This week, we're taking a look back at the history of one of Bridport's oldest hotels - The Bull Hotel.

The Bull dates all the way back to the sixteenth century, and has ties to a number of significant historical events.

Ranging from murder, to war, to royal visits, the hotel has experienced much over its centuries of existence.

The hotel, which was originally built in 1535, is located on East Street in Bridport.

Just 150 years later, the Bull saw a violent episode when Lieutenant Coker of Mappowder was killed by Colonel Venner during the Monmouth Rebellion at the hotel.

The Monmouth Rebellion - which is alternatively known as the Pitchfork Rebellion - was an uprising in 1685 that attempted to overthrow the King James II.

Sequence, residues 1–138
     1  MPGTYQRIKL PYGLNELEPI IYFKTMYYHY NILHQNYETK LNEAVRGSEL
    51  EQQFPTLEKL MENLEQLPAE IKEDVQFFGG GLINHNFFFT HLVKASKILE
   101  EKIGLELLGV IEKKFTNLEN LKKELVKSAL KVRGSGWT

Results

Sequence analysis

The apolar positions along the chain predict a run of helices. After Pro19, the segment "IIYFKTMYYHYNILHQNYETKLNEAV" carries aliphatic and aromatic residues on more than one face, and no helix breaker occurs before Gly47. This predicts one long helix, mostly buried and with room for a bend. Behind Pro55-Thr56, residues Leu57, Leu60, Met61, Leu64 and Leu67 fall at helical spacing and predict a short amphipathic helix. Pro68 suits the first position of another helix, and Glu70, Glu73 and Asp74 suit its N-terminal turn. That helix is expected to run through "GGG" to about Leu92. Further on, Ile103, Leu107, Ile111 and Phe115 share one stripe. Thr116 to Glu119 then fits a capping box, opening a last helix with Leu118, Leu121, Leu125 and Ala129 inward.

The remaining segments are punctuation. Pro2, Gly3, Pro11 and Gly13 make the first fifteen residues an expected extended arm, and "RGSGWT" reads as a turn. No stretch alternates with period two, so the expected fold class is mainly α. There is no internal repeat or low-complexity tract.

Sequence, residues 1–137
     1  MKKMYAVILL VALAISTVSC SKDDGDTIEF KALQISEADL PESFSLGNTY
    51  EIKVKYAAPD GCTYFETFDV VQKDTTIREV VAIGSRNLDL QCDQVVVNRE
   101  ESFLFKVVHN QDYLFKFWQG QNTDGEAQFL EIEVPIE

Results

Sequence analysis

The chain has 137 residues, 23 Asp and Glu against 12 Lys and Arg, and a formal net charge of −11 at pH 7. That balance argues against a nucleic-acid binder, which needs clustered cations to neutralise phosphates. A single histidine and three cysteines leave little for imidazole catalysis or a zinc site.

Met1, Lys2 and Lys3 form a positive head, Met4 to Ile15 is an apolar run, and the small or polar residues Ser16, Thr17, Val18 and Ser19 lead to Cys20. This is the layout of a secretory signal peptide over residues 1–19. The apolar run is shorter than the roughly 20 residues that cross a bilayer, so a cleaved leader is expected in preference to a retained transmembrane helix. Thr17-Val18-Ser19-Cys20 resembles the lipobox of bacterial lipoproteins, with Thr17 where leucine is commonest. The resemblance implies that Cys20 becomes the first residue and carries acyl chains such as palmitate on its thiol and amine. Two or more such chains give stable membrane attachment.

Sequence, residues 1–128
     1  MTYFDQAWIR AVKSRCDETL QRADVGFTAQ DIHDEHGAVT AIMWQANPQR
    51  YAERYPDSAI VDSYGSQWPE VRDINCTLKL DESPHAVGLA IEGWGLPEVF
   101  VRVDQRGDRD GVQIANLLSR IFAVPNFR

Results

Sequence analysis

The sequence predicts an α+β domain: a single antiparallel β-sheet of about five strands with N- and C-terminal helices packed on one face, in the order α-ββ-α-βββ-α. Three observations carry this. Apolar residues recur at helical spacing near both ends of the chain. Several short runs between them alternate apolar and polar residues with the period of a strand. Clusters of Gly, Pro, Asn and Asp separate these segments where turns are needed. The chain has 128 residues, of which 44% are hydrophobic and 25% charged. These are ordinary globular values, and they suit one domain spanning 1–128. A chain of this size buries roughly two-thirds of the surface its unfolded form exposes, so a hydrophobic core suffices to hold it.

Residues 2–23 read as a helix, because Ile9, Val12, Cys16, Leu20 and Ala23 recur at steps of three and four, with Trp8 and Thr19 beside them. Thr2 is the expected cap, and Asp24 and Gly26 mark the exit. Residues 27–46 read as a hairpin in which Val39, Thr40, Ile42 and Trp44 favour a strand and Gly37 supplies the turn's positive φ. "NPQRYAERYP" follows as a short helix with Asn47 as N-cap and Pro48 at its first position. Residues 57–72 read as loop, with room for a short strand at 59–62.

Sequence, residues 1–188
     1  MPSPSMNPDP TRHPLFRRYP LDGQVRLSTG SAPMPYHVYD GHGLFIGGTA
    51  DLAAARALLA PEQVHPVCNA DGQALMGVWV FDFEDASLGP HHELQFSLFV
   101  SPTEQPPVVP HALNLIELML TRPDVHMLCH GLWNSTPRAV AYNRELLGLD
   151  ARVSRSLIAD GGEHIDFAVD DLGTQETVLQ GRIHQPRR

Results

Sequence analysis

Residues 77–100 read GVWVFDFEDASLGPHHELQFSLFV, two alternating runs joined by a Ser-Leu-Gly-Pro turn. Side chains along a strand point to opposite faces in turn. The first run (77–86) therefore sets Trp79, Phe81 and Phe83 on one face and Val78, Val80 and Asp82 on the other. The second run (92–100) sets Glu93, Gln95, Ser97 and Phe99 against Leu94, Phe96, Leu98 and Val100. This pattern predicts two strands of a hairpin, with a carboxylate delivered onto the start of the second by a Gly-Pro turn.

It was led by the Duke of Monmouth, whose Protestant forces sought to overthrow the king. The rebellion eventually failed and Monmouth was captured and put to death.

The cocktail bar at the Bull is now named after Colonel Venner.

Fast-forward to the nineteenth century, and the Bull found itself intertwined with military history once again.

It became part of the Trafalgar Way - the route through which dispatches regarding the Battle of Trafalgar - including the eventual victory - were taken from Falmouth to the admiralty in London.

The history behind the Bull Hotel is not only one of war and violence, however. The hotel has also seen visits from royalty over its several centuries of existence.

In 1834, the then Princess Victoria - who would later become Queen Victoria, one of Britain's longest serving and most recognisable monarchs - stayed for one night at the Bull Hotel along with her mother.

The hotel also received a visit from our current queen's father King George VI, who stopped by in his uniform at the start of the Second World War in 1939.

More information about the hotel can be found at